Tuesday, September 16, 2008

Roulette, AIG and the Subprime Crisis, pt. 1

I have a buddy, one of my best friends in the whole wide world, who is absolutely convinced that he has a system to beat roulette. This is, of course, pure BS. To those of you who might not know the game, roulette involves making bets on a randomly generated number between 1 and 36. You can bet on, for example, the exact number generated, whether it's odd or even, whether it's 1-18 or 19-36, etc. The house gains its advantage via two spots on the roulette wheel which are 0 and 00, which cause all the bets (except bets on 0 or 00) to lose. Long story short, the house has an expected profit of 2/38, and a player can expect that out of every $38 placed on the board in any arrangement or under any "system" you want, the player can expect to get back. I wrote an Excel spreadsheet to prove it, if anyone wants it. It's obvious to even the most casual observer that a single bet has an expected payout of 36/38, but my friend has come up with a system that, at the very least, is complex enough to obscure the fact that his expected payout is still 36/38. By putting some chips here, some chips there and then changing the bets on the next spin of the wheel, my friend's disadvantage became less obvious, but was always still there, unchanged.

The subprime crisis which once again reared its ugly head this week shares much with my friend's roulette delusion. Here's my attempt to briefly summarize the problem:

It used to be that, in order to get a mortgage, you'd have to demonstrate that you had some amount of income and credit history to allow the bank to be reasonably confident that you'd be able to repay it. As people who were actually qualified for a mortgage became more and more rare, banks began giving loans to people who weren't as likely to be able to repay their loans. Eventually, as this process continued, banks began loaning money to people who were so unlikely to be able to repay their loans that, even while charging those who do pay some calculated interest rate, that banks' expected payoff for a given loan was less than the value of the loan. For example, banks stopped requiring proof of your income to get a loan. So a guy who makes $25,000 could get a $600,000 mortgage, which of course he would be incredibly unlikely to be able to repay.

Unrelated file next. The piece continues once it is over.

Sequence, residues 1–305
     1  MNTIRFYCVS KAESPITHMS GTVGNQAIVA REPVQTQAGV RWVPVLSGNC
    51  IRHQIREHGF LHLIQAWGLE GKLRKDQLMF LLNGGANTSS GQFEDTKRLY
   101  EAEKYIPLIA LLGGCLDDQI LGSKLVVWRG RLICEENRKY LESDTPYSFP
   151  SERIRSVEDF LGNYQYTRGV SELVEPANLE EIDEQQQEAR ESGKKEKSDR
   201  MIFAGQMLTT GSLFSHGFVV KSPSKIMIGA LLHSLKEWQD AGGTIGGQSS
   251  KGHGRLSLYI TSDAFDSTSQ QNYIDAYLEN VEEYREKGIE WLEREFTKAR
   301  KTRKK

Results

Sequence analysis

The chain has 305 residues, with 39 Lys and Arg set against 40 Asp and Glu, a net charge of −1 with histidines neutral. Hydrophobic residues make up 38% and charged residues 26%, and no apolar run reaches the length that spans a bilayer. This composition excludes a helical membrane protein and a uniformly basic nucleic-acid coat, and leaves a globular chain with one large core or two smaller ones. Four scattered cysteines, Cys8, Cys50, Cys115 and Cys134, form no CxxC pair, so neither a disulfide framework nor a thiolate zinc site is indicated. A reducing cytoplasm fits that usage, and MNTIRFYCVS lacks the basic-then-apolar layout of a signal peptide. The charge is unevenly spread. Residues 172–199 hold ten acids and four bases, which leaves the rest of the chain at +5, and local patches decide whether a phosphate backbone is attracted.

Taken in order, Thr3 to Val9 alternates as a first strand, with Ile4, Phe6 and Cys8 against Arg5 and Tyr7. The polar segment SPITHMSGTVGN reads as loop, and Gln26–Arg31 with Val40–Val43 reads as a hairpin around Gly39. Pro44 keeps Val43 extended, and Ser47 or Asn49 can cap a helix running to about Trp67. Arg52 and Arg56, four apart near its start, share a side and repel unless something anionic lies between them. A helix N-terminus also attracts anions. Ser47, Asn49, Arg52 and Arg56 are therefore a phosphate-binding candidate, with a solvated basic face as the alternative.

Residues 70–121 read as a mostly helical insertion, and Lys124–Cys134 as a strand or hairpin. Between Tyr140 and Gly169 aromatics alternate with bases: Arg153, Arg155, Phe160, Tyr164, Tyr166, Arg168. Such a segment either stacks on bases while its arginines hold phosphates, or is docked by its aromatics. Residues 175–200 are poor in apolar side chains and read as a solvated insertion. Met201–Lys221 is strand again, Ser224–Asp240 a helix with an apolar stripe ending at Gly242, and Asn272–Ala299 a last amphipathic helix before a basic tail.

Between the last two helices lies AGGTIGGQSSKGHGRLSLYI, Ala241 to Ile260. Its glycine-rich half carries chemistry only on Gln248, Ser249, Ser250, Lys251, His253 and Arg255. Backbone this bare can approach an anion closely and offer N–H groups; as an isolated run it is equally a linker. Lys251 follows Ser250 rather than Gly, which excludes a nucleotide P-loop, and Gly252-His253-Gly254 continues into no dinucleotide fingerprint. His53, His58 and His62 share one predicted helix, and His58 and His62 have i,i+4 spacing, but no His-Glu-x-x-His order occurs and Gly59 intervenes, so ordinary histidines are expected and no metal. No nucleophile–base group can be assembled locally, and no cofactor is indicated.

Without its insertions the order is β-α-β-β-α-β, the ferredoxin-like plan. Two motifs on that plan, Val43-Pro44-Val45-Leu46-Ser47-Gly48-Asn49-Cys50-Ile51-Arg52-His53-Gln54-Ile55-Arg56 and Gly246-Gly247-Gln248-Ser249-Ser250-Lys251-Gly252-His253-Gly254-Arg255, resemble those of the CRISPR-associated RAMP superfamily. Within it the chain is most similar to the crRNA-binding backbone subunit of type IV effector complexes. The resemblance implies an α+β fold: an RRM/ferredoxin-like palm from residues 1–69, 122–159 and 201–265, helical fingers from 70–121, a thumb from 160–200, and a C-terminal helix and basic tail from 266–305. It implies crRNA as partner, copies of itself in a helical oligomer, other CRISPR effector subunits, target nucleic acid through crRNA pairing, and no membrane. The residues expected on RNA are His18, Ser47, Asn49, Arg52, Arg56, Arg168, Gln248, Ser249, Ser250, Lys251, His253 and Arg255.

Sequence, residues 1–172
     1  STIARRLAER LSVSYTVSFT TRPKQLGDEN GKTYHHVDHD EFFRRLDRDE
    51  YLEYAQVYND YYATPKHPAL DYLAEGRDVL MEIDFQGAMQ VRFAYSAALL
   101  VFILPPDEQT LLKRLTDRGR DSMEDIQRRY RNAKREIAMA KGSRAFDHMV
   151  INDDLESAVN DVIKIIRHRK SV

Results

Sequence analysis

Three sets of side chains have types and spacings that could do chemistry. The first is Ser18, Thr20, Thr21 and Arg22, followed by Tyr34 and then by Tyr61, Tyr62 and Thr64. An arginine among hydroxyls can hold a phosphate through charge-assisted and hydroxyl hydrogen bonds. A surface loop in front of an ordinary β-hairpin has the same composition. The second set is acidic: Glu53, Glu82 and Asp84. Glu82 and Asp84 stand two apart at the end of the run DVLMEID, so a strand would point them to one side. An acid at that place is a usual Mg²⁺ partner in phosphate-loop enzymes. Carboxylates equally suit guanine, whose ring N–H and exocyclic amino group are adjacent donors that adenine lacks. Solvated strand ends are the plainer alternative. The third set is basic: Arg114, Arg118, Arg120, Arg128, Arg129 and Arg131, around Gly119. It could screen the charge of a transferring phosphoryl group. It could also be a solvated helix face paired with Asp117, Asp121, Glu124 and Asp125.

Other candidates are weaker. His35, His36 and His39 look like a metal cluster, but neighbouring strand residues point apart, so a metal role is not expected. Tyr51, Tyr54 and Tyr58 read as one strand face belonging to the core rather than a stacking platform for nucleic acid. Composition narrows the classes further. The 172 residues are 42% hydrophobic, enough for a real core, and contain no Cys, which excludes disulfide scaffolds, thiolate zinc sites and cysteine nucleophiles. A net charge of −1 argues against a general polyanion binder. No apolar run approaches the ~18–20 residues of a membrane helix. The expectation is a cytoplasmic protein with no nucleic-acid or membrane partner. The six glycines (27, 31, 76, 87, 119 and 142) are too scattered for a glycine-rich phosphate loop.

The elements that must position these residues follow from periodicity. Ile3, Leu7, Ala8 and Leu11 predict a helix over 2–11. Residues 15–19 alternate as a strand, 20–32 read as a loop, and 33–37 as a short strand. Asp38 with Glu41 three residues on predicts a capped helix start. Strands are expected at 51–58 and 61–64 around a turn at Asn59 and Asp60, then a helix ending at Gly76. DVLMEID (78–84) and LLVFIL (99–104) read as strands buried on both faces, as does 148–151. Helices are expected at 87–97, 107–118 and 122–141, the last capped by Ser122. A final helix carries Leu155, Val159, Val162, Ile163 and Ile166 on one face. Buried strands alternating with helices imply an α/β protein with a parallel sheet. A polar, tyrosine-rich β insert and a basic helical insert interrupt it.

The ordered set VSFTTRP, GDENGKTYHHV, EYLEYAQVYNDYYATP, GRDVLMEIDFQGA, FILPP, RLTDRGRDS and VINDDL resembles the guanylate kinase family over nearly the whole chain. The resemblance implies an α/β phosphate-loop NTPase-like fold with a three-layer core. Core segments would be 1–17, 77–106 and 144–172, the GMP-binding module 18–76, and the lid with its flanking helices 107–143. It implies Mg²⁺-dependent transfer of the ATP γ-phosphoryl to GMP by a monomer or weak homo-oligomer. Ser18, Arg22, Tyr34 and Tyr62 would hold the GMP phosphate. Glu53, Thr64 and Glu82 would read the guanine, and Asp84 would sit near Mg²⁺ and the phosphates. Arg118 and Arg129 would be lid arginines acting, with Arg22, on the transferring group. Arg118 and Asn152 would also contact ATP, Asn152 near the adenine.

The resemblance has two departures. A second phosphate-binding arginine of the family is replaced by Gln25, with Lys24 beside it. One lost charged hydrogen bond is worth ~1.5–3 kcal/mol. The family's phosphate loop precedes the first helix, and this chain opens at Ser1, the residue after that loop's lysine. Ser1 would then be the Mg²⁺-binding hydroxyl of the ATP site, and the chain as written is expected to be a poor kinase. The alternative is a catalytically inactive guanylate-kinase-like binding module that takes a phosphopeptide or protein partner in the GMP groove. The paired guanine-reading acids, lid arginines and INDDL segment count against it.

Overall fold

So why were banks making these loans? A market developed whereby they were able to bundle up a bunch of these loans into one package and sell them to banks/hedge funds/etc. They could sell shares in these bundles of mortgages. Some high-paying shareholders would be more likely to be paid each month, while cheaper stocks would be the first to not be paid as more mortgages go into default.

But few mortgages went into default, because, with more and more new mortgages being given out, homeowners could always refinance, getting more money to make their payments. So everyone made money.

Eventually, even people willing to take ask banks for such absurdly large loans became scarce, and fewer people were looking to buy homes. With this decrease in demand, home prices fell significantly. Existing homeowners became unable to refinance at sufficient house values to be able to pay off their original loans, so they defaulted. Banks were left with, instead of say a loan worth $250,000, they had a house now worth only $200,000. It is these losses of value that ruined Bear Stearns and Lehman Bros., and is ruining AIG, the world's largest insurer and a vital piece of Western finance.

I've had about enough typing for now, so I'll stop here. More tomorrow!

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